A Bastard of a Place: The Australians in Papua : Kokoda, Milne Bay, Gona, Buna, Sanananda

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Allen & Unwin, Apr 1, 2004 - History - 704 pages
'. . . Brune's book is a timely reminder that despite the warmest alliances, nations sometimes have to stand up and save themselves.' - The Weekend Australian Financial Review

'. . . A Bastard of a Place undeniably ranks as the best book ever written about the Aussie battles in Papua . . . Very highly recommended, and certainly one of the best books of the year.' - Bill Stone, Stone + Stone Second World War Books website

In 1942 and early 1943 Papua New Guinea was 'a bastard of a place' to fight a war. Peter Brune gives us the final, all-encompassing story of the five battles that changed Australia forever.

Peter's compelling narrative resonates with the voices of both the well-trained AIF volunteer, and the young Militia conscript who triumphed together. He interviewed hundreds of these soldiers and himself travelled the treacherous terrain and bloody battlegrounds where so many of their mates perished. Peter reveals the inside story of how Generals MacArthur and Blamey sacrificed many of the senior Australian field commanders as scapegoats to protect their own positions.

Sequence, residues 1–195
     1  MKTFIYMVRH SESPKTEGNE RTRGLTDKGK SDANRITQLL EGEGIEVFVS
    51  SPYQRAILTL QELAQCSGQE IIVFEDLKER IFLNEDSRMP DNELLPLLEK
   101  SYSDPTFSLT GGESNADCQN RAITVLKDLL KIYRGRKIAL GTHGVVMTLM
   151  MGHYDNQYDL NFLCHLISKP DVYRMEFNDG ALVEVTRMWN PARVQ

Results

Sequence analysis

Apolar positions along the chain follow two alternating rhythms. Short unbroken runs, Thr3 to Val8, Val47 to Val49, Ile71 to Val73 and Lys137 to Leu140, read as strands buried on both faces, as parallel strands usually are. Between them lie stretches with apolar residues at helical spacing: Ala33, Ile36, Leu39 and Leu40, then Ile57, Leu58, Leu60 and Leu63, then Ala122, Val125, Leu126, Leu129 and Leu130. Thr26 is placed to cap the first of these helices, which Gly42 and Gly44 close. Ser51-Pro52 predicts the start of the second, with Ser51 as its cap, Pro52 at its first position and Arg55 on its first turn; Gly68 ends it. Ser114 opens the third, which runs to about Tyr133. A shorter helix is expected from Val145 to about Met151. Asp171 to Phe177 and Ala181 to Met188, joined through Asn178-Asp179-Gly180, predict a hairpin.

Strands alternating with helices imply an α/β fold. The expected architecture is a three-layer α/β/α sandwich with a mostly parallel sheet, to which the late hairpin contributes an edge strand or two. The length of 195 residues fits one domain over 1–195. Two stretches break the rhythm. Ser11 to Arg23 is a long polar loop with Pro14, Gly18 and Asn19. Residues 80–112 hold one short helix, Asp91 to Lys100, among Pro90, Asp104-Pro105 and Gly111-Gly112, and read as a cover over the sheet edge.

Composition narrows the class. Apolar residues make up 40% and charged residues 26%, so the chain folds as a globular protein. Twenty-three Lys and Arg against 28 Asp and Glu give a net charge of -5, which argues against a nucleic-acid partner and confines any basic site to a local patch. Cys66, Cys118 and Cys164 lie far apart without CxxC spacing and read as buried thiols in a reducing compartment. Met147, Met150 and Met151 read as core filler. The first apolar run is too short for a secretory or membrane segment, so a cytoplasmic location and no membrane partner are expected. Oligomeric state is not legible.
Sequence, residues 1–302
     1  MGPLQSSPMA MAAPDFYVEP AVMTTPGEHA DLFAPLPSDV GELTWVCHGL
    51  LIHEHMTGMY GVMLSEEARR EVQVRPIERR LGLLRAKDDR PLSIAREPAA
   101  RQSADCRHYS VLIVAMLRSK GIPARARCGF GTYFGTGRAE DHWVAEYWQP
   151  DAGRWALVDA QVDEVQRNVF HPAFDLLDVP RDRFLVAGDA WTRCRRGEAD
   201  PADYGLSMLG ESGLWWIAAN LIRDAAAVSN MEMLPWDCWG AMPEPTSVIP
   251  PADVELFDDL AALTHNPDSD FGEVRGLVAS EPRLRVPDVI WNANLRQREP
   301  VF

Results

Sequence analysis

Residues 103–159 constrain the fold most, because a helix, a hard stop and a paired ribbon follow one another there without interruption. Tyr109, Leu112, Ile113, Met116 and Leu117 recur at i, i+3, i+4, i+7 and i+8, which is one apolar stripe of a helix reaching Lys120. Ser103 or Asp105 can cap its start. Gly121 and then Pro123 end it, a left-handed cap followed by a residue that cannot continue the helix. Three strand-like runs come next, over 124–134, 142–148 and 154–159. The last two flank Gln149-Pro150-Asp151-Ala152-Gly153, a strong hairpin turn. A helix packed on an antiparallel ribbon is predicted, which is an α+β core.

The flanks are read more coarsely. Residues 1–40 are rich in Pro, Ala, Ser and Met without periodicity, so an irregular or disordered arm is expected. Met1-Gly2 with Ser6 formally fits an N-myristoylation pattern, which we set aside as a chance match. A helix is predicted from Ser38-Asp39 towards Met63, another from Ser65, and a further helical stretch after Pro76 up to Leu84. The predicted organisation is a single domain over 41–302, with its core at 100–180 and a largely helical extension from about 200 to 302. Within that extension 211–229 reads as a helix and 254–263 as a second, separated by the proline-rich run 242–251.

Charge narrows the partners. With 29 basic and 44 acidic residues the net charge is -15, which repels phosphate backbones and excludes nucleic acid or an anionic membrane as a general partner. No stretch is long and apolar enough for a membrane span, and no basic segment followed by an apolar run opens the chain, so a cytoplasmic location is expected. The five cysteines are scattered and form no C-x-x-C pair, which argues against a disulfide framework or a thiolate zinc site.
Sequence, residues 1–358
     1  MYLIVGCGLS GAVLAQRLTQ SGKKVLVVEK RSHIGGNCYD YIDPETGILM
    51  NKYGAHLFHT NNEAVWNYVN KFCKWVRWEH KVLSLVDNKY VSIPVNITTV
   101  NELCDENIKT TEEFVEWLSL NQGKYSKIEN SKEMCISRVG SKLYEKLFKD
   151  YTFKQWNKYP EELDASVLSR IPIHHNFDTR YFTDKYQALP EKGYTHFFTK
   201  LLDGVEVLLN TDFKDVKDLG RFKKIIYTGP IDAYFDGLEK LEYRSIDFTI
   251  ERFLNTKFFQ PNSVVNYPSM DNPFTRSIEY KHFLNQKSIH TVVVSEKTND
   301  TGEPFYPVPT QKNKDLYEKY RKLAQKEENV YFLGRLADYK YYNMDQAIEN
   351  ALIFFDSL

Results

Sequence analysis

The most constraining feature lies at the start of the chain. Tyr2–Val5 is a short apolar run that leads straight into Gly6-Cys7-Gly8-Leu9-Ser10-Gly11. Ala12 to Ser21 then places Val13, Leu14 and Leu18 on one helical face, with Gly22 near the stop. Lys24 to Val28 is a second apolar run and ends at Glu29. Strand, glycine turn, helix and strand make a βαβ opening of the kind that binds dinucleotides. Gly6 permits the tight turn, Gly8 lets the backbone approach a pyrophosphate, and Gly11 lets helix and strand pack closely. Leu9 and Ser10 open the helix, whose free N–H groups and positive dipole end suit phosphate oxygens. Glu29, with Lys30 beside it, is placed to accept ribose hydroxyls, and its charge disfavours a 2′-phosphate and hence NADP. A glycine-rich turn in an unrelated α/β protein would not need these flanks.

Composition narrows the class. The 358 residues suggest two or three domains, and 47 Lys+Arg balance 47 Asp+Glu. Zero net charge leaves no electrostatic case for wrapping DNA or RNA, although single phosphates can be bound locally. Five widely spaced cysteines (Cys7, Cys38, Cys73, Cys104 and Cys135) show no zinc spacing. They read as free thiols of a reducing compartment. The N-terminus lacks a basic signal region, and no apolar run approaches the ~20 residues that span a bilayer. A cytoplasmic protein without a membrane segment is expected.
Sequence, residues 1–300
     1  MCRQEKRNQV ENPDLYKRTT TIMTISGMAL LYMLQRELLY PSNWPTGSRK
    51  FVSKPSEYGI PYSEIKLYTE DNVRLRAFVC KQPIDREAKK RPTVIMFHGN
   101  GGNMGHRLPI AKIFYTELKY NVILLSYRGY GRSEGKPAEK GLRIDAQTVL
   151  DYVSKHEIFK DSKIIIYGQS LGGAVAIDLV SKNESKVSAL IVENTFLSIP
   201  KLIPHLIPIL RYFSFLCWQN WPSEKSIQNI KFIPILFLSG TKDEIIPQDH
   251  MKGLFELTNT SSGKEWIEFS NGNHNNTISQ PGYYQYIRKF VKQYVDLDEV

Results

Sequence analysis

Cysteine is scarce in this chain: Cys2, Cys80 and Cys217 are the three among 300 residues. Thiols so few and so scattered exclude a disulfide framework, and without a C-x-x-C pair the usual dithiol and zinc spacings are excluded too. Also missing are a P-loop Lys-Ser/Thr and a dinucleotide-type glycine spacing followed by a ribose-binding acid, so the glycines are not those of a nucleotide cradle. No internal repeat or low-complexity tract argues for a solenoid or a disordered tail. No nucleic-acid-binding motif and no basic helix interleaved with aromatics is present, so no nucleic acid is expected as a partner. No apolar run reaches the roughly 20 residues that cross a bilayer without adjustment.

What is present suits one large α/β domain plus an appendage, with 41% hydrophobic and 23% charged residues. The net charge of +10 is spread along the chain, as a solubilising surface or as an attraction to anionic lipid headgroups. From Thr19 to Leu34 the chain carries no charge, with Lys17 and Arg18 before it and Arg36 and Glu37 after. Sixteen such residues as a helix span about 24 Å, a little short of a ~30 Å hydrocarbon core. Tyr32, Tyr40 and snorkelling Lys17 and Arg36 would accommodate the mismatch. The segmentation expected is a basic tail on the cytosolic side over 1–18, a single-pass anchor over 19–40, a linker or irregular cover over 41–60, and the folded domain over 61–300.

A Bastard of a Place restores Milne Bay, Gona, Buna and Sanananda to their rightful place beside Kokoda to what they should collectively be for all Australians sacred ground.
 

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LibraryThing Review

User Review  - Whiskey3pa - LibraryThing

The New Guinea campaign is generally under-reported and the Australian ( exclusively, Australian ) even more so. The research is very thorough and the author did numerous interviews of surviving ... Read full review

Selected pages

Contents

THE DEEP THINKERS
15
DOG RIVER
29
THEATRE OF WAR
52
BERT AND DOC
81
COURAGE FEEDS ON HOPE
114
GOD KING AND COUNTRY
132
BOTH SIDES OF THE VALLEY
158
THE DEVOTION OF A MOTHER
168
PIGS ARSE YOU ARE
340
TIME FOR A CAPSTAN
361
THE GLASSY STARE OF DEATH
377
GONABUNASANANANDA
398
I KNOW THEYLL FIGHT
421
A VULGAR PUBLIC BRAWL
436
THIS IS NOT A MOB
463
BOTH IMMEDIATE AND ENDURING
486

CALMLY BRAVE
189
MODERN DAY DISCIPLES
215
ILL FRY HIS SOUL
235
MILNE BAY
260
SPIRITS GOOD HERE
291
LEFT HIGH AND DRY
317
IVE NEVER GOT OVER IT
515
NINE TEN OUT
536
INTENSIVELY TRAINED
552
THE PASSING OF COMRADES
575
DANCING TO THE BEAT
598
Copyright

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Page 261 - If you can keep your head when all about you Are losing theirs and blaming it on you; If you can trust yourself when all men doubt you, But make allowance for their doubting too; If you can wait and not be tired by waiting, Or being lied about, don't deal in lies, Or being hated don't give way to hating, And yet don't look too good, nor talk too wise: If you can dream — and not make dreams your master; If you can think — and not...